“I’m discovering something new right now at the playground. Why won’t mommy come over to me when I call for her? I want to know what this thing is called. I need to learn why it does this thing? Where is mommy? Why is she looking at that little thing in her hand and stroking it with her finger? I just called for her again but she’s telling me to wait without looking at me. Why is that thing in her hand so important? Does mommy not like being with me? I want to be with her but she wants to be with that thingy…iphone is it called?”
Okay, to be fair, the above thought process may seem a bit advanced for a toddler/preschooler…however, the emotions and visual recognition of the theme are not.
I think I hit my limit earlier today when I took my children to a local museum and observed both a mother and a grandmother totally engrossed in their handheld devices as their two boys were playing with a train set that required coordination of assembling more tracks. After witnessing these boys ask multiple times from their “mom” and “nana” to assist them and outright invite them to play with them, I knelt down with my baby carrier and assisted them myself as I often do with my own children daily.
It makes me sad not just for the children ignored by their parents while they’re pecking away at their awesome technology. I grieve for these parents that will one day reap what they sow because children aren’t stupid, they notice EVERYTHING–especially about their parents’ behavior as it relates to them.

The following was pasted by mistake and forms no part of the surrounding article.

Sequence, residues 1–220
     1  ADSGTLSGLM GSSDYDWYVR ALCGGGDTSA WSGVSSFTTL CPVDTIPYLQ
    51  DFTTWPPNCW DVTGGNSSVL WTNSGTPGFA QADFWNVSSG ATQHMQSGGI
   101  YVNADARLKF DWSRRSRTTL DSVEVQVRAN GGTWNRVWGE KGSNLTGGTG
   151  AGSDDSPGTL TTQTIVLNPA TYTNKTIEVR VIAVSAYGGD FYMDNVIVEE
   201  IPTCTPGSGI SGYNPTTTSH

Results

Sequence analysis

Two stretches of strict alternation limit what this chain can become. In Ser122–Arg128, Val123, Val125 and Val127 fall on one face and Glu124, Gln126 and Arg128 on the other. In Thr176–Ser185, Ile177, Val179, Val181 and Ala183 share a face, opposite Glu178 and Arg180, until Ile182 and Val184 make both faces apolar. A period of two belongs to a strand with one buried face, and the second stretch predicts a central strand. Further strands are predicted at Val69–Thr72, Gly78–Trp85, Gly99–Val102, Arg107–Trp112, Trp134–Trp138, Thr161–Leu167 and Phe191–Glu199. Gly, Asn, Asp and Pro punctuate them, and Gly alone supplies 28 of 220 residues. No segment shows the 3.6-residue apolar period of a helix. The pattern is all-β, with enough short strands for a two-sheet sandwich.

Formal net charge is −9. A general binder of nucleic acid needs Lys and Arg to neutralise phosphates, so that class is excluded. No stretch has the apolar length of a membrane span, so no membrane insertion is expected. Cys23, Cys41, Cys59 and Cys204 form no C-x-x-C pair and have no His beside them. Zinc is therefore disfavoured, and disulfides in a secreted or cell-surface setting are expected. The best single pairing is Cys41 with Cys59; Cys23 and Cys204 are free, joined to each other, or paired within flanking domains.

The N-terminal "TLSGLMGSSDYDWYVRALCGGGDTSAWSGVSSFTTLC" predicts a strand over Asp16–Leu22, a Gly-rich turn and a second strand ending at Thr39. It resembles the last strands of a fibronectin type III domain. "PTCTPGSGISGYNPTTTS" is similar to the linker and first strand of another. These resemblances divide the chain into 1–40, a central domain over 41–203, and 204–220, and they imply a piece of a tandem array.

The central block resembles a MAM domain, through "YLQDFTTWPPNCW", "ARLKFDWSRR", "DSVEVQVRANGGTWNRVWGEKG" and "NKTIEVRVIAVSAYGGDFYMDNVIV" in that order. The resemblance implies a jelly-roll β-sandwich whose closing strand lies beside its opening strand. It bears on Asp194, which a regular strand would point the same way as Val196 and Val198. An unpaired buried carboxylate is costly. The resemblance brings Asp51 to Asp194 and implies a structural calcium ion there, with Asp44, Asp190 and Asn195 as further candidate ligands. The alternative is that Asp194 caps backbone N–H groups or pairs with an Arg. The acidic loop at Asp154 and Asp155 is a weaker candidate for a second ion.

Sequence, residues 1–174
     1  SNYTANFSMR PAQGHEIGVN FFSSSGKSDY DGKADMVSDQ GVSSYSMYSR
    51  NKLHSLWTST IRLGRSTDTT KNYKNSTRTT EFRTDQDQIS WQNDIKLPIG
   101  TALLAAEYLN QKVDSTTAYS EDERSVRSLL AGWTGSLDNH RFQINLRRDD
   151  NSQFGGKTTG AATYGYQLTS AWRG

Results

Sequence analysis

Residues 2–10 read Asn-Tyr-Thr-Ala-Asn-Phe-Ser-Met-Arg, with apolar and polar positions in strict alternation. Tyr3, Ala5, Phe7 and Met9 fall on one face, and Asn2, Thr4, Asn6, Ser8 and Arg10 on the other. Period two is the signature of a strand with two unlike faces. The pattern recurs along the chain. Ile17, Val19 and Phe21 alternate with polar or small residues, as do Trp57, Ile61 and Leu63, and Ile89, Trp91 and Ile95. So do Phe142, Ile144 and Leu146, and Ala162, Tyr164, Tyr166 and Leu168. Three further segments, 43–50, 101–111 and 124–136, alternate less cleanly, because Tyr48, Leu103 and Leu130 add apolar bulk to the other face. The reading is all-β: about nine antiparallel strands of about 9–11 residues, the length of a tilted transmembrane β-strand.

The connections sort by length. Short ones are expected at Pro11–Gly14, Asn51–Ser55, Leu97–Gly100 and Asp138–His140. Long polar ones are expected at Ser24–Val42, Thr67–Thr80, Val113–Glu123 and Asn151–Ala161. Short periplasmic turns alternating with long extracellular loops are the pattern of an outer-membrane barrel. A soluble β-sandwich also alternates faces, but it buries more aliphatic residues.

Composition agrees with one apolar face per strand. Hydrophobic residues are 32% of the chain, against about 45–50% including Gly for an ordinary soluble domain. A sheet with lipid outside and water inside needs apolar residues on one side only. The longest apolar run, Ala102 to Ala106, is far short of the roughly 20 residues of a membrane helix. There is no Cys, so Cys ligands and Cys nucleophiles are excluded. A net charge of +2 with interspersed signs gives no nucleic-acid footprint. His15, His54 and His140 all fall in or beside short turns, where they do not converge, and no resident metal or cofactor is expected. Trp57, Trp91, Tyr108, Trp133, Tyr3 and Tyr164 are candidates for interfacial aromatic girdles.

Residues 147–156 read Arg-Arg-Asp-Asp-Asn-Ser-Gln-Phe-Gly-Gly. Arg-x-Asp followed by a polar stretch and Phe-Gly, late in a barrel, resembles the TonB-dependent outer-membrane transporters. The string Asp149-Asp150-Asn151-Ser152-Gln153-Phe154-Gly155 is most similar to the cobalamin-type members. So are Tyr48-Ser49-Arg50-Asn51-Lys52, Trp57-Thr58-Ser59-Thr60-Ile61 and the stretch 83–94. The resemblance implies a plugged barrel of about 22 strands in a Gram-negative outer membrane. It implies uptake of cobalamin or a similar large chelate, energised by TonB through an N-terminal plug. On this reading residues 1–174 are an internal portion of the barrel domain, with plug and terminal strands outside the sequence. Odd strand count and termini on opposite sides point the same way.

I’m not saying we can totally disavow ourselves as users of our present-day mode of communication. What I am urging is moderation and especially careful usage when raising young children who rely on their caregivers to give them nourishing time as they grow in these critical years that shape them for the remainder of their lives.
Please, don’t take me as a self-righteous judge of all parents…just ask yourself if you can dial it back a little if you find that you check your device more than 5-10 times an hour. Do you really need to check Facebook that often? Can that texting or long phone call wait until naptime?
I’m not saying it’s easy and I’m guilty of sometimes relying on my device too much…I used to be able to hide texting but now my one child is at an age that he notices a lot and I’d rather just go without than teach him that this is the only way to socialize.
To those that say the devices help them feel connected to the world, I say remember that you are in the world with your children now and you’re their teacher as to how they should interact with everyone in the world. These handheld devices are great tools but they should not replace the precious time with our children, tomorrow they’ll be adults and perhaps our caregivers as well.